Solar Power Takes The Spotlight

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In a bid to further electrify the country and reach households in remote areas, Cambodia is encouraging local and international companies to undertake projects in the country’s fledgling sustainable energy sector, but a lack of options to sell excess energy to the national grid is keeping many projects from taking off.

A solar power installation mounted on the rooftop of a building in Phnom Penh. KT/Fabien Mouret

A host of companies is showing interest in starting green energy projects in Cambodia and have been granted permission to do feasibility studies for solar power plants, said Ith Praing, secretary of state of the Ministry of Mines and Energy (MME).

However, Mr Praing continued, those preliminary studies have so far failed to materialise in any sizeable investment.

Cambodia has immense potential when it comes to solar energy given the long hours of sunlight the country enjoys every day, Mr Praing explained during a regional conference on Energy Security in CLMV Countries that took place yesterday in Phnom Penh.

“Many companies have asked to conduct feasibility studies on solar energy development, and we have allowed some of those studies while we study how to connect projects to the national grid,” Mr Praing said.

“However, none of those studies have turned up positive results,” Mr Praing said, explaining that the country still lacks a feed-in tariff or not metering system that credit companies who add electricity to the grid from their solar panels.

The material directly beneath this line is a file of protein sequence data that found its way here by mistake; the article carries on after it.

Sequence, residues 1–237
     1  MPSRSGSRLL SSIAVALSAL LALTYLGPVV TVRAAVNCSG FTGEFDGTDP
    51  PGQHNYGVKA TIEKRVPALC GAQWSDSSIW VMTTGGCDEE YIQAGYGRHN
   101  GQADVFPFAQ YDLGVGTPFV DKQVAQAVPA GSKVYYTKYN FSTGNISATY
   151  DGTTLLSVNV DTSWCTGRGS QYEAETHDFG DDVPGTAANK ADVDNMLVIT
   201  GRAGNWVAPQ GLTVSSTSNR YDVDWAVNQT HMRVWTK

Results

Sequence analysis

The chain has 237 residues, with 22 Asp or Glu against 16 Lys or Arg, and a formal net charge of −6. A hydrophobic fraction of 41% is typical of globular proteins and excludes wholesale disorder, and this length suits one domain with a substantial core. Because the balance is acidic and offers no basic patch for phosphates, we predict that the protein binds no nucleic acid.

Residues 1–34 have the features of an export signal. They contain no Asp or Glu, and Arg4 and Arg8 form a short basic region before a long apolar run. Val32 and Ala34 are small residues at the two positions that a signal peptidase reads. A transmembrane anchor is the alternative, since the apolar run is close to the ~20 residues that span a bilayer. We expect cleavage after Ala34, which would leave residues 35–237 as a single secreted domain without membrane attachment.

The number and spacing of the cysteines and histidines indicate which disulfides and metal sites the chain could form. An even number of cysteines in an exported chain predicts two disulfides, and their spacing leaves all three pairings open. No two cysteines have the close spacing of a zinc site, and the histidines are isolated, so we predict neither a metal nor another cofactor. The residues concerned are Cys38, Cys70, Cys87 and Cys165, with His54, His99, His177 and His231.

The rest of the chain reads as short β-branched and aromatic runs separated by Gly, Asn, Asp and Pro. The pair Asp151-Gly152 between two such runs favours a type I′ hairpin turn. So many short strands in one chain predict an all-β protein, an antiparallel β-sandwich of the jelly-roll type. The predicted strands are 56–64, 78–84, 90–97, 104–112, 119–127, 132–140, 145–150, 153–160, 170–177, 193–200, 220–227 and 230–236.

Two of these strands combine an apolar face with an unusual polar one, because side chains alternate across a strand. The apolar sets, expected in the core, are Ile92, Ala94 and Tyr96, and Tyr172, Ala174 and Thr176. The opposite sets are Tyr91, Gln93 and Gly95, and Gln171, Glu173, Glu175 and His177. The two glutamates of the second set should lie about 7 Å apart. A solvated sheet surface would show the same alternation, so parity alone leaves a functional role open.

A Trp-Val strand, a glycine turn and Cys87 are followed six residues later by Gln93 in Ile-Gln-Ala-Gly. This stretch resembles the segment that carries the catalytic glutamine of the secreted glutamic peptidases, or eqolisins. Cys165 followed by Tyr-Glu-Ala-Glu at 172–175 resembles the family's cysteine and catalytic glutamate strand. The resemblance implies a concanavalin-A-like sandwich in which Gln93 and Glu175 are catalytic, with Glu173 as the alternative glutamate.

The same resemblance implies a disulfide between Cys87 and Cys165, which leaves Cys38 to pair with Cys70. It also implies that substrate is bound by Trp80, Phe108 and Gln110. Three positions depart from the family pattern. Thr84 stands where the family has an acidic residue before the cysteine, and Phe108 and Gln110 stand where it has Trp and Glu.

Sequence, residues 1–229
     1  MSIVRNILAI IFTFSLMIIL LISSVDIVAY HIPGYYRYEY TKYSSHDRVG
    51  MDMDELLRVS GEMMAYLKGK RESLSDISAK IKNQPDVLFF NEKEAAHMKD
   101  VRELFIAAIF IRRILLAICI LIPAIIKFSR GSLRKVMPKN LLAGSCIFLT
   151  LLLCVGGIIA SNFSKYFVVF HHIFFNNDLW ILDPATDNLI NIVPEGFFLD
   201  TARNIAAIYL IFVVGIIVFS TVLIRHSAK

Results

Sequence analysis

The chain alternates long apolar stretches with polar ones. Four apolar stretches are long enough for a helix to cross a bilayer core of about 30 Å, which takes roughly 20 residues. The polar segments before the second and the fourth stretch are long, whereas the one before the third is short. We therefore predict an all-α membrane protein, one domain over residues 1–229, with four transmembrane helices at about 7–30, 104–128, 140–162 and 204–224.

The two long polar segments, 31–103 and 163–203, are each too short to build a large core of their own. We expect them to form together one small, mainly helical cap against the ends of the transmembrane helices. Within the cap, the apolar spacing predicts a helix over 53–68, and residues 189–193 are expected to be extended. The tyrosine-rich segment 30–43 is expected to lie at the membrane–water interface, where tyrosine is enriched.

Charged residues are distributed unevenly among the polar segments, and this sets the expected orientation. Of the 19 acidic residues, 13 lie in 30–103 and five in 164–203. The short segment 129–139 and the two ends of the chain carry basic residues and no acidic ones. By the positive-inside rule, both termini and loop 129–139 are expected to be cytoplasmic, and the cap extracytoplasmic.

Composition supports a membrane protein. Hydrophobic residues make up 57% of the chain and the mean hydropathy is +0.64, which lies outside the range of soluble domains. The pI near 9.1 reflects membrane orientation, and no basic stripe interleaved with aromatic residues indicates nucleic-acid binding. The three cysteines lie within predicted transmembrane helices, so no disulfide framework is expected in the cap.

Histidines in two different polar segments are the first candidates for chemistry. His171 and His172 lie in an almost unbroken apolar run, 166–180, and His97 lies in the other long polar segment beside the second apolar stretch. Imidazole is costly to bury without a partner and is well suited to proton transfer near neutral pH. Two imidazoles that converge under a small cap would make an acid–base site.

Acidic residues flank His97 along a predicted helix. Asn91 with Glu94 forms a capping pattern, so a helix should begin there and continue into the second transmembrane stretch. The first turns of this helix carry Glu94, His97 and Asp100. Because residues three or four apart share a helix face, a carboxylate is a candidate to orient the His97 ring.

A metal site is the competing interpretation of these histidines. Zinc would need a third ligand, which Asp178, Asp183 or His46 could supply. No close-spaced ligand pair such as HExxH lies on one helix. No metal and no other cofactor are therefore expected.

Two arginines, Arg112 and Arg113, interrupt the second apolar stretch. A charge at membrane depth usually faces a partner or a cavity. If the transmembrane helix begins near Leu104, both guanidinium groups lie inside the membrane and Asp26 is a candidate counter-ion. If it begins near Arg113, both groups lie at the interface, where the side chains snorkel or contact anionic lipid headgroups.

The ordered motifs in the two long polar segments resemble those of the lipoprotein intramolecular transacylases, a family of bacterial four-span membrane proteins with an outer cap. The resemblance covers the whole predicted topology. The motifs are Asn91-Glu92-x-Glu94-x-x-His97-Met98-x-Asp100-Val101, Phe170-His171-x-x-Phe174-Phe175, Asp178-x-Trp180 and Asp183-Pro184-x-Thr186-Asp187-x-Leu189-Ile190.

A 10-megawatt solar power plant came online last August in Svay Rieng province’s Bavet city, the country’s first significantly-sized solar power project in the country.

A feasibility study for a new 100-megawatt project is now being carried out and will be finished by the end of 2017, Mr Praing said, adding that the project is run by the Asian Development Bank, Electricité Du Cambodge (EDC), and the Ministry of Mines and Energy, although he failed to disclose where the project will be located.

If preliminary studies yield satisfactory results, private companies will be invited to bid for the project, he added.

Han Phoumin, energy economist at the Economic Research Institute for Asean and East Asia (ERIA), urged the government to put in place a system that allows companies to sell the energy they produce to EDC, the only electric utility in Cambodia.

“It is important that the ministry allows companies to develop mini-grids like in Bavet for their own consumption,” Mr Phoumin said.

“Mini-grids can be connected to the national grid because solar energy is intermittent. When they generate power at a surplus, they need to be able to sell that electricity back to the grid.”

According to the Rural Electrification Development Program, the government’s goal is to have all villages in Cambodia electrified by the year 2020, and at least 70 percent of households nationwide connected to the grid by the year 2030.

According to MME, already 80 and 70 percent of each goal has been achieved respectively.

Total energy consumption in the kingdom now amounts to 2,000 megawatts per year, 60 percent of which is generated from the country’s six hydropower dams, while 20 percent is imported – 15 percent from Vietnam, 4.5 percent from Thailand, and 0.5 percent from Laos. The rest of the energy comes from biomass and coal-fired plants.

This article was originally published in the Khmer Times.

Do you think the government can achieve the goal to have all villages in Cambodia electrified by the year 2020?